GALIMATHIAS  MUSICUM,  a  comic 
piece  for  orchestra,  with  clavier  and  other 
instruments  obligato,  by  Mozart,  first  per- 
formed at  The  Hague,  March  8,  17G6,  for 
the  festivities  at  the  coming  of  age  of  Will- 
iam of  Orange  the  Fifth.  Mozart  was  then 
only  ten  years  old.  The  piece,  which  is  in 
thirteen  short  numbers,  ends  with  a  varia- 
tion on  the  Dutch  national  air,  Wilhelmus 
von  Nassau.  Galimathias  is  a  French  term, 
of  doubtful  derivation,  meaning  gibberish. 
— KOchel,  No.  32  ;  Otto  Jahn,  2d  ed.,  i.  U  ; 
Grove. 

GALITZIN,  Prince  GEORG,  born  in  St. 
Petersburg  in  1823,  died  there  in  Septem- 
ber, 1872.  Composer  of  church,  instru-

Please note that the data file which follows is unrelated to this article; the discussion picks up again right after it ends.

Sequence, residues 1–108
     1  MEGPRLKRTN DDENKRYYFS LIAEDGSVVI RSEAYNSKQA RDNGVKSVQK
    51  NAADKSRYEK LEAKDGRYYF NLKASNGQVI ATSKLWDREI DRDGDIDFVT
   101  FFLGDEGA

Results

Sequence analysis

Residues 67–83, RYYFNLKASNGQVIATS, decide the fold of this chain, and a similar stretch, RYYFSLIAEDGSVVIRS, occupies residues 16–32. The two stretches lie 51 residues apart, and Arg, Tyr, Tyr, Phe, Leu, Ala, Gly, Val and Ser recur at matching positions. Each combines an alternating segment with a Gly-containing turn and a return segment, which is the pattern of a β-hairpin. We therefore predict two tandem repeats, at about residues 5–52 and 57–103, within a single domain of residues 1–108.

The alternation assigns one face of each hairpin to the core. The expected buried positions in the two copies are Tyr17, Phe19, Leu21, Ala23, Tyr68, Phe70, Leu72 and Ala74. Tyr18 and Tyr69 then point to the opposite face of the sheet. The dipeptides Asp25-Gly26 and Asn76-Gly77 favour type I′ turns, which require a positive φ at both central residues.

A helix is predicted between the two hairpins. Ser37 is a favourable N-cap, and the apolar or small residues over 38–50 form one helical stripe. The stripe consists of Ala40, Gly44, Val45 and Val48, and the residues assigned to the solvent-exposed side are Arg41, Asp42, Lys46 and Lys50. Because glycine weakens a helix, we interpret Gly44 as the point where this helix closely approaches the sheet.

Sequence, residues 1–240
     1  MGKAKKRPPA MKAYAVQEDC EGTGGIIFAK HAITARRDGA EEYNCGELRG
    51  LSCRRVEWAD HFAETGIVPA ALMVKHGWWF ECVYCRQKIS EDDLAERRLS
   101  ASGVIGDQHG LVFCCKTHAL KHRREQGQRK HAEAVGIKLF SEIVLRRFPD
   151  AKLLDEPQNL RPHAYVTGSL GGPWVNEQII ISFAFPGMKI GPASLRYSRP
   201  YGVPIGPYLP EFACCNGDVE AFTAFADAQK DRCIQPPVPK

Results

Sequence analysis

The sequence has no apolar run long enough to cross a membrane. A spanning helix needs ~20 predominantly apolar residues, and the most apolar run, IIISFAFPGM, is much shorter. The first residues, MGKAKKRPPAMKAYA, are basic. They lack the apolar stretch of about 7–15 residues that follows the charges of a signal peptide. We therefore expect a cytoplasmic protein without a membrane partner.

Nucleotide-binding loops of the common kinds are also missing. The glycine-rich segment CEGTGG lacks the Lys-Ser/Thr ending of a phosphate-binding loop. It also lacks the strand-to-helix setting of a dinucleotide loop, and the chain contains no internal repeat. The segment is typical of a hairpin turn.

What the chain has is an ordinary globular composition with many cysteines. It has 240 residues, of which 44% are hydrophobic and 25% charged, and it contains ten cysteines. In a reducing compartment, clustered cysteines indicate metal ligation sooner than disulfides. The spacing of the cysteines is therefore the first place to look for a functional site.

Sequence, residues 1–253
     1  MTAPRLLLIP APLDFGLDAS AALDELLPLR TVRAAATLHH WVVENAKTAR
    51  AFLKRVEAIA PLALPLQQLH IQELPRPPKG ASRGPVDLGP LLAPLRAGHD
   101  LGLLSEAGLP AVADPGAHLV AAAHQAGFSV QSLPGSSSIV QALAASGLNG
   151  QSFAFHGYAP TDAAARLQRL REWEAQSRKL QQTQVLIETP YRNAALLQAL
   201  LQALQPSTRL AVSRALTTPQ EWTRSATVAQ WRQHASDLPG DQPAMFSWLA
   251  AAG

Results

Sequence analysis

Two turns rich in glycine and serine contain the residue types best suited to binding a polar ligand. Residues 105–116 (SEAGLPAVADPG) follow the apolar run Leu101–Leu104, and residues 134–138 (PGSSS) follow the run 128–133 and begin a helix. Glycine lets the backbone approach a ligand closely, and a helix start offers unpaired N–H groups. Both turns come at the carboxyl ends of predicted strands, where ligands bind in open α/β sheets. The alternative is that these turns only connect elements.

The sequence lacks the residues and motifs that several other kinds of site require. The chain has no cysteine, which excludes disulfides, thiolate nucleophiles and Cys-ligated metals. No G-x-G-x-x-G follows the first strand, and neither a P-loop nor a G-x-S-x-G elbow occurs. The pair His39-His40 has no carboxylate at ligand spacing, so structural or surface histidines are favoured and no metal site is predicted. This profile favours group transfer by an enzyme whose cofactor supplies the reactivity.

mental, and  vocal  music  ;  gave  concerts  in 
Germany,  Great  Britain,  and  France,  with  a 
large  orchestra  of  his  own,  to  make  a  propa- 
ganda for  Russian  music.  At  Moscow  he 
entertained  since  1842  a  choir  of  seventy 
boys,  whom  he  instructed  in  person.  He 
has  written  masses,  orchestral  works,  solos 
for  various  instruments,  choruses,  songs, 
etc. — Futis,  Supijk'ment,  i.  35G  ;  Mendel ; 
Riemann. 

GALLAY,  JACQUES  FRANCOIS,  born 
at  PeriJignan,  France,  Dec.  8,  1795,  died  iu 
Paris,  October,  18G4.  Virtuoso  on  the  horn, 
first  instructed  by  his  father,  an  amateur, 
then  pupil  of  Ozi,  and  at  the  Conservatoire, 
Paris,  of  Dauprat,  1820  ;  won  the  first  prize 
in  1821,  became  a  member  of  the  royal  or- 
chestra, and  of  the  orchestras  of  the  Odeon,